The latest slice of Raspberry Pi costs $20, is thinner, and needs less juice to get cooking

raspberry pi model a is smaller cheaper than

When the Raspberry Pi Foundation unveiled the upgraded Model B+ version of its popular mini-computer, fans of the platform were also promised a lower-end, more affordable variant. Now, project founder Eben Upton is delivering the goods in the form of the Raspberry Pi Model A+.

Like the B+, the A+ is more a rehash of original version of the Pi, as opposed to a full-on sequel. As such, it shouldn’t be referred to as a Raspberry Pi 2. It’s smaller, uses less power, yet it’s cheaper. Now that’s one feat you don’t often see pulled off in today’s PC landscape.

Built with the same 700MHz Broadcom BCM2835 CPU as its predecessor, and touting the same 256MB RAM, the Model A+ measures an incredible 2.56 inches long. That’s more than 3/4 of an inch shorter than the Model A. This thing is so small you can probably squeeze it in your jacket pocket.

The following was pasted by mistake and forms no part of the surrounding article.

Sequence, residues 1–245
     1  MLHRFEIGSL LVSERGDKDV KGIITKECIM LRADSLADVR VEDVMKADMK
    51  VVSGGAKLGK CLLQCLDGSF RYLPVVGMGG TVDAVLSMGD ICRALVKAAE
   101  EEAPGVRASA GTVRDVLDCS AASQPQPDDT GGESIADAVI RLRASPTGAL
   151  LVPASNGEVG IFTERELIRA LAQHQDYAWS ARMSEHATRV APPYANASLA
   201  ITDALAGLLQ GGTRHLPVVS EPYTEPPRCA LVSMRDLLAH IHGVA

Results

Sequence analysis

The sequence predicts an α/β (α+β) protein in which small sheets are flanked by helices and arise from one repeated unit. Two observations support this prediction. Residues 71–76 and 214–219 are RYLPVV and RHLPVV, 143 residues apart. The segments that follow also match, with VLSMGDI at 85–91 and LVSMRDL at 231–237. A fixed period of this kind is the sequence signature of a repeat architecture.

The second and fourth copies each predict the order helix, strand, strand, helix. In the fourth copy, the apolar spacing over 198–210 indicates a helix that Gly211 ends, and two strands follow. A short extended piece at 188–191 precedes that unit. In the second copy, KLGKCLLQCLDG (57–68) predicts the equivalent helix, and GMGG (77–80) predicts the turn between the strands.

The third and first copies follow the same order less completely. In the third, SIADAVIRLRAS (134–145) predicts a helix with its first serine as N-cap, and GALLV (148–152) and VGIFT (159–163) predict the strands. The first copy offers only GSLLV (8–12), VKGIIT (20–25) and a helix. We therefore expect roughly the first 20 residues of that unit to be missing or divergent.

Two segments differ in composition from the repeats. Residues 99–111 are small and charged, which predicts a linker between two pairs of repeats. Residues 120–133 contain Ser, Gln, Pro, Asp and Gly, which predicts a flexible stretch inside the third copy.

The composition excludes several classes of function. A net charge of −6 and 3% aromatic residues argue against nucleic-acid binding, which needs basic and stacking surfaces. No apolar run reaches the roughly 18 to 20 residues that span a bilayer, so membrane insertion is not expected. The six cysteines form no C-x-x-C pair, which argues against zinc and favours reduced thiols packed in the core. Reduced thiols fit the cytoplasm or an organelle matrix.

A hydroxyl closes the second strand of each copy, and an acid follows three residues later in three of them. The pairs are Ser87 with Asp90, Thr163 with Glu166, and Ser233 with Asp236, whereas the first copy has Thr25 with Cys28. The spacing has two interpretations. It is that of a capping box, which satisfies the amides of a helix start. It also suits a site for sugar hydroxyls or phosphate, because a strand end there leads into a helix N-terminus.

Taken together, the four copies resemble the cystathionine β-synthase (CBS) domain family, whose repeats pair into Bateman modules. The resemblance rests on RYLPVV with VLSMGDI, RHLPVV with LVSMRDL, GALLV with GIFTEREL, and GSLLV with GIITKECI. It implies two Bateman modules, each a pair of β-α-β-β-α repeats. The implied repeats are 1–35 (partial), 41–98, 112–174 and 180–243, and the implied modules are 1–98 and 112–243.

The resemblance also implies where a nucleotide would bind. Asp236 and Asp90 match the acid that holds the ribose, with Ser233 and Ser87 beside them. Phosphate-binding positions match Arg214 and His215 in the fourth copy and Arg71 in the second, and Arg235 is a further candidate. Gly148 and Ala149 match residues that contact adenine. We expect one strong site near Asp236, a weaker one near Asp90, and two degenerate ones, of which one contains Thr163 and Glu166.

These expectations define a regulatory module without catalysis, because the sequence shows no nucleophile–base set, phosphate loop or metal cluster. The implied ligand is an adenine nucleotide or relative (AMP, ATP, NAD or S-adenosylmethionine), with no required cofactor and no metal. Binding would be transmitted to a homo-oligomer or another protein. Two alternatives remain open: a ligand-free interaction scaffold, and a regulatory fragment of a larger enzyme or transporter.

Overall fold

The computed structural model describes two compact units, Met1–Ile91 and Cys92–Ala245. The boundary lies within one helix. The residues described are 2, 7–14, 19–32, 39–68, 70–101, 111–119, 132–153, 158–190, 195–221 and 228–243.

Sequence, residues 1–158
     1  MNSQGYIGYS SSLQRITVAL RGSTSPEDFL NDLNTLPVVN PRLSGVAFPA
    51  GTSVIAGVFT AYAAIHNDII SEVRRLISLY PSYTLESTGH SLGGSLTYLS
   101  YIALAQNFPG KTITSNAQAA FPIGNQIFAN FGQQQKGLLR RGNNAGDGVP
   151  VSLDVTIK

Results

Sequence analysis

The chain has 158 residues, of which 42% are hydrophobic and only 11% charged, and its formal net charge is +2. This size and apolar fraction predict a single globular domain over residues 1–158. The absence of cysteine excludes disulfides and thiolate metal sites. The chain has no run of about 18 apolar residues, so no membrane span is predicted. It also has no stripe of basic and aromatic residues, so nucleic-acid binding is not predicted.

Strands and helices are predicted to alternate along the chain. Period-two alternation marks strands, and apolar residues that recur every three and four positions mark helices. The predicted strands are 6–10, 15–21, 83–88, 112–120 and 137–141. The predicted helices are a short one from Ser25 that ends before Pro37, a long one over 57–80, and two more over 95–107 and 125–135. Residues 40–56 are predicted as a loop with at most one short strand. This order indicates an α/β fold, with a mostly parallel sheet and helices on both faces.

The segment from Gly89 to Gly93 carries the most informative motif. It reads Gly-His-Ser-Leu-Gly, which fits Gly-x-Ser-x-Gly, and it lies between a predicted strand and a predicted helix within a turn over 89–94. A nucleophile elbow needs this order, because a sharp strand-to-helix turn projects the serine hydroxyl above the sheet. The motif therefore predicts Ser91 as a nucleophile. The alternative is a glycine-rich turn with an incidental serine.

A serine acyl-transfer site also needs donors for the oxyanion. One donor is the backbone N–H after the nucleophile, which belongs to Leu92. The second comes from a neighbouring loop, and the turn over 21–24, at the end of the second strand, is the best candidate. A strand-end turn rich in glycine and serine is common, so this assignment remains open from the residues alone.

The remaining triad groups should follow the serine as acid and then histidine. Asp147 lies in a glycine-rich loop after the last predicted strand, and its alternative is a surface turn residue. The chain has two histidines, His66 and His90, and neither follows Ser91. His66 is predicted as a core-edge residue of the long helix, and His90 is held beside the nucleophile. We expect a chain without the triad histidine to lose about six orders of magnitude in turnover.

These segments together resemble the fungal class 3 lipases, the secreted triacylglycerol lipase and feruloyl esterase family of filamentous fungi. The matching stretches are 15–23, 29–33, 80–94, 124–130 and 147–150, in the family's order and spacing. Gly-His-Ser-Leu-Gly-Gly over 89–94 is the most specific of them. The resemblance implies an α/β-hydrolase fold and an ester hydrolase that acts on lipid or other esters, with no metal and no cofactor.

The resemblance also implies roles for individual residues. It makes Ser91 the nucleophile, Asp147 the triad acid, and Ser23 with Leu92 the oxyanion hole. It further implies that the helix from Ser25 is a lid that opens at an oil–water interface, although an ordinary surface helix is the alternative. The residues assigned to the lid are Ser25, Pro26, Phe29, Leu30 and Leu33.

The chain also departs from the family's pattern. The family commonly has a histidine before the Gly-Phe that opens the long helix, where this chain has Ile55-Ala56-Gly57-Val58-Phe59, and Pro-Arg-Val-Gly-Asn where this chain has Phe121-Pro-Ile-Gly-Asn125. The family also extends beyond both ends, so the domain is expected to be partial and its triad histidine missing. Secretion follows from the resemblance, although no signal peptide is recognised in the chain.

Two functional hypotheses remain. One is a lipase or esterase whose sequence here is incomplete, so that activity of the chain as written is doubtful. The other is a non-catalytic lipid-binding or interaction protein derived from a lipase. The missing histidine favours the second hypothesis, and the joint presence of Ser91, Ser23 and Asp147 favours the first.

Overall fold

As far as this new model’s energy-saving potential goes, the Raspberry Pi Foundation says that the new slice eats up as much as 25 percent less power than the Model A.

Taking after its larger, 512MB RAM-packing cousin released earlier this year, the A+ also cranks up the GPIO pin count to 40. It also incorporates a dedicated low-noise power supply. The friction-fit micro SD card got swapped out for a push-push model as well.

Aside from that, the A+ clones feature from the A, including the Broadcom VideoCore IV GPU. The port selection consists of one USB 2.0 connector, and HDMI. However, there’s no Ethernet jack in this version, but for $20, we can’t complain too much.

At $20, it’s $5 less than the original A, and $15 south of the price of the B+. Look for the A+ stateside at MCM Electronics, and on British shores over at Farnell.